Astronomers have identified the biggest star known to have exoplanets yet, upsetting standard planetary formation models. To date, b Centauri is the biggest star known to host an exoplanet. Estimates of its mass put it at between two and four times the previous record holder, meaning it could be up to ten times bigger than our own Sun.
Some months back, the Astronomical Society of South Africa (ASSA) decided use the upcoming partial annular solar eclipse to promote astronomy in South Africa, and perhaps drum up a few new members for ASSA. Now ASSA has decades of experience with public outreach, but they wanted to try something new: video. My brief, as a committee volunteer, was to help them to live-stream an eclipse. Overall, we felt we’d succeeded in the end, but there were definitely some lessons worth learning. …Continue reading →
This month I made two attempts at imaging the Jewel Box open cluster, more formally identified as Kappa Crucis, or NGC 4755. The first result was mediocre at best, while the second turned out quite nicely, and that means we get to do another “Watch me learn astrophotography” posting! As you’ll know from earlier posts along this topic, I’ve become a believer in data. The more data, I’ve been teaching, the better the result because you’re giving your stacking algorithms …Continue reading →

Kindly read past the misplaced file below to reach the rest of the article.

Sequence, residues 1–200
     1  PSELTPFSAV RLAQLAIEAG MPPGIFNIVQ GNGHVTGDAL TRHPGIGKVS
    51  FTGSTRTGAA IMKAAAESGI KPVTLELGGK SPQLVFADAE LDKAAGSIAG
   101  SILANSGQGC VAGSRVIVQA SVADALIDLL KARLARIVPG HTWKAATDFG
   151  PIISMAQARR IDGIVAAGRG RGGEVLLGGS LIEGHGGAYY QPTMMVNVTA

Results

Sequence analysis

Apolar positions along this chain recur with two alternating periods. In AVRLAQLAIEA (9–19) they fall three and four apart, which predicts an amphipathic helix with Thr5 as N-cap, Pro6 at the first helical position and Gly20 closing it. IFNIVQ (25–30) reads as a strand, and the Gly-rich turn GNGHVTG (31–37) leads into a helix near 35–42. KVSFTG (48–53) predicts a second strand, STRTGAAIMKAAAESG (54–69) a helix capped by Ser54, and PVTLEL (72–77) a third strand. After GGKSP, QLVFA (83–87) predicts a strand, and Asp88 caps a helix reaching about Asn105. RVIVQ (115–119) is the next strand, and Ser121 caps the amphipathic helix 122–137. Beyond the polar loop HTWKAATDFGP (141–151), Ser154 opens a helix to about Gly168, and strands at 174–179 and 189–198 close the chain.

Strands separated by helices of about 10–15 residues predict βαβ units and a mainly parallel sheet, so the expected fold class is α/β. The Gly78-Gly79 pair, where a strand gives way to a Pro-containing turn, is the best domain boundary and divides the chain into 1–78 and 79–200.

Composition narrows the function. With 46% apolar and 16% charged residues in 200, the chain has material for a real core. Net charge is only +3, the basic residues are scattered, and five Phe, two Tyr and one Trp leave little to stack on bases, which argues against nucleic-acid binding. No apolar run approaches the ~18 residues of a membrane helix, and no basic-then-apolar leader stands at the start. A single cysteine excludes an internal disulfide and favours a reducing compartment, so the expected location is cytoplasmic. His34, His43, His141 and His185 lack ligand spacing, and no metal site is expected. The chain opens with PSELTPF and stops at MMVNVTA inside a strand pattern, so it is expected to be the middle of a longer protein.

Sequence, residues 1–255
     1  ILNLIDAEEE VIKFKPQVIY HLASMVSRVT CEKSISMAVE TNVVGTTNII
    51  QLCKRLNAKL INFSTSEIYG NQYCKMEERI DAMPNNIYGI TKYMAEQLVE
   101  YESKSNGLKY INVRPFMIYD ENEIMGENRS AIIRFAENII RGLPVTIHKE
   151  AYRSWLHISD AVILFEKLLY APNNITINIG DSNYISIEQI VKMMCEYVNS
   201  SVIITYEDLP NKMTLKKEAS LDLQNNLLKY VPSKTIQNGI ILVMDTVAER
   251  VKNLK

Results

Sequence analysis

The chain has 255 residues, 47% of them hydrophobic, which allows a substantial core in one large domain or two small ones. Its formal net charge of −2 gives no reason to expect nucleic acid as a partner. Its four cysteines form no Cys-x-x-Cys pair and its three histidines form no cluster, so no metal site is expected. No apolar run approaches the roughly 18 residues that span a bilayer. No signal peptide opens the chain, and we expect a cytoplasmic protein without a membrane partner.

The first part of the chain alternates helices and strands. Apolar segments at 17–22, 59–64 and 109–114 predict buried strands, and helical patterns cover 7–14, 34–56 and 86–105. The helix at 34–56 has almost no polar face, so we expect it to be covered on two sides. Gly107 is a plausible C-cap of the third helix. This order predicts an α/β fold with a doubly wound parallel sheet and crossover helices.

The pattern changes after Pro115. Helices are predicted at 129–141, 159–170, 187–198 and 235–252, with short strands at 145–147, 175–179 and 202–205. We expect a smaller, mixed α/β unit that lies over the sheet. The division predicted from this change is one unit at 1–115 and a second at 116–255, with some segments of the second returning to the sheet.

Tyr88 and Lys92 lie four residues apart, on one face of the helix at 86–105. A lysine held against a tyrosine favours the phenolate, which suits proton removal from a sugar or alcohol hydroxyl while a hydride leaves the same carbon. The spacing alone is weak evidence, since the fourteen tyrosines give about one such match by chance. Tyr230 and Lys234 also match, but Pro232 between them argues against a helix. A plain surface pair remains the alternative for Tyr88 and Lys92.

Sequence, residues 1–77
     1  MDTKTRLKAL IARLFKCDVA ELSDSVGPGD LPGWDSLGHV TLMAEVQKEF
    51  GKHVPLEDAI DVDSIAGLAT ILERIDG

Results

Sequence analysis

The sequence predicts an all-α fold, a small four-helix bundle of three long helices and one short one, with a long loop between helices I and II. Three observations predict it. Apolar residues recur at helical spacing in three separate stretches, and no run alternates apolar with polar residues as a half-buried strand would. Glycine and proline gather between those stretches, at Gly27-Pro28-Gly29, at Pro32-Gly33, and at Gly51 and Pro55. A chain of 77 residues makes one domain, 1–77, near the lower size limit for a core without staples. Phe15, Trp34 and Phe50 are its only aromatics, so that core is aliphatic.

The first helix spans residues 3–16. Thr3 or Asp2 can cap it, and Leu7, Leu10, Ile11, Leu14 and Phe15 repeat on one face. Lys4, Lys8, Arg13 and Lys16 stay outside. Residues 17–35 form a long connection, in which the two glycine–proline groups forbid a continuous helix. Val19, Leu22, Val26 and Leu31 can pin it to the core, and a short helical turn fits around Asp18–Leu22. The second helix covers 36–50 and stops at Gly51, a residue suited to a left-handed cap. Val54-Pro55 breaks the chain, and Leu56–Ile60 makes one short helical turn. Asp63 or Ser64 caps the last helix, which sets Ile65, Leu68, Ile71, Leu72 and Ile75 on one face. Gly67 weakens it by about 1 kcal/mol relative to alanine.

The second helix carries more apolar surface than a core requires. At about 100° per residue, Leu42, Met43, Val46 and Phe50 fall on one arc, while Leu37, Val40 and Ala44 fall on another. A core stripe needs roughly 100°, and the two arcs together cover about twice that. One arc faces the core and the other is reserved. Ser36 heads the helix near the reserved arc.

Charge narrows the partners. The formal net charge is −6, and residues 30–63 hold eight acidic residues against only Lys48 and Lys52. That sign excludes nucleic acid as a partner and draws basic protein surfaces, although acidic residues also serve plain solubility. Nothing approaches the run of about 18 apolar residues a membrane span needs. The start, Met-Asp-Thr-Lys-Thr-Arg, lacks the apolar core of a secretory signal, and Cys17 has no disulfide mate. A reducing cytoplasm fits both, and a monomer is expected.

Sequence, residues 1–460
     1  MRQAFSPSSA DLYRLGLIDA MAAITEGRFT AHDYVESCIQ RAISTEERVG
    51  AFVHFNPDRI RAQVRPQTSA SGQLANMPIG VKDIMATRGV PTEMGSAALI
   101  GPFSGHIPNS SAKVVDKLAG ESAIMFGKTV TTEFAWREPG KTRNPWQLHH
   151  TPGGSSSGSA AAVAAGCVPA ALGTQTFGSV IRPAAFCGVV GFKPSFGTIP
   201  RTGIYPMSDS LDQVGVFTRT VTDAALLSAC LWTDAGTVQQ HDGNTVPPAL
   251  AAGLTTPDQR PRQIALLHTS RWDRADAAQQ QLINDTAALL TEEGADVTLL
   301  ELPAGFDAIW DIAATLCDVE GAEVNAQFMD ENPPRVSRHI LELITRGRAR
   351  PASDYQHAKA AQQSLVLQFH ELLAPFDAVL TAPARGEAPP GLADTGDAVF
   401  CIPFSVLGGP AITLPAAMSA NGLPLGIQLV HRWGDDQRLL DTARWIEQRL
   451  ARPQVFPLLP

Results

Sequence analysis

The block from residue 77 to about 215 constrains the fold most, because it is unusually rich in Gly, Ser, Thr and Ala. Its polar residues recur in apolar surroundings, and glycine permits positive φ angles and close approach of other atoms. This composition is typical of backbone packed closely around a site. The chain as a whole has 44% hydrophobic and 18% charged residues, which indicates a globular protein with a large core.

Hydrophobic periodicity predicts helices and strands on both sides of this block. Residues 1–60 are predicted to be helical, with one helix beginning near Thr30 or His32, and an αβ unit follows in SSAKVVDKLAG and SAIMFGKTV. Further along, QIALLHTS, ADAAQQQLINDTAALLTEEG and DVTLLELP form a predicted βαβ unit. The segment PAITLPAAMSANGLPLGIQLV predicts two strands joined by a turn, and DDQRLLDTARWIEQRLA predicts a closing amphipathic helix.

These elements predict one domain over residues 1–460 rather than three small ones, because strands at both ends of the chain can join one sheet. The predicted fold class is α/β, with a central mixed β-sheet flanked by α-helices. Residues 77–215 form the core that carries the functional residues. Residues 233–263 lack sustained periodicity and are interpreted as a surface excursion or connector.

This entry (Mission to Mars: Why we must go) was originally written for my Now Look Here! blog, but I reckon it’s relevant for Urban Astronomer too: I listened to a series of Naked Scientists podcasts recently, on the various competing plans to launch a human mission to Mars. One episode stood out in particular, asking whether this was something that we need to spend money actually doing.They assembled a panel of various experts and authorities to debate the issue, and while …Continue reading →
A few nights ago, I captured this image of the Small Magellanic Cloud and the nearby globular cluster 47 Tuc. It had been a while since I’d last taken the camera outside, and I wanted to grab something relatively simple while the weather was still clear. So I decided to have another go at capturing a long exposure wide-field image. Previous images of the Milky Way in Sagittarius, and the region around Crux and Carina, had been disappointing because of …Continue reading →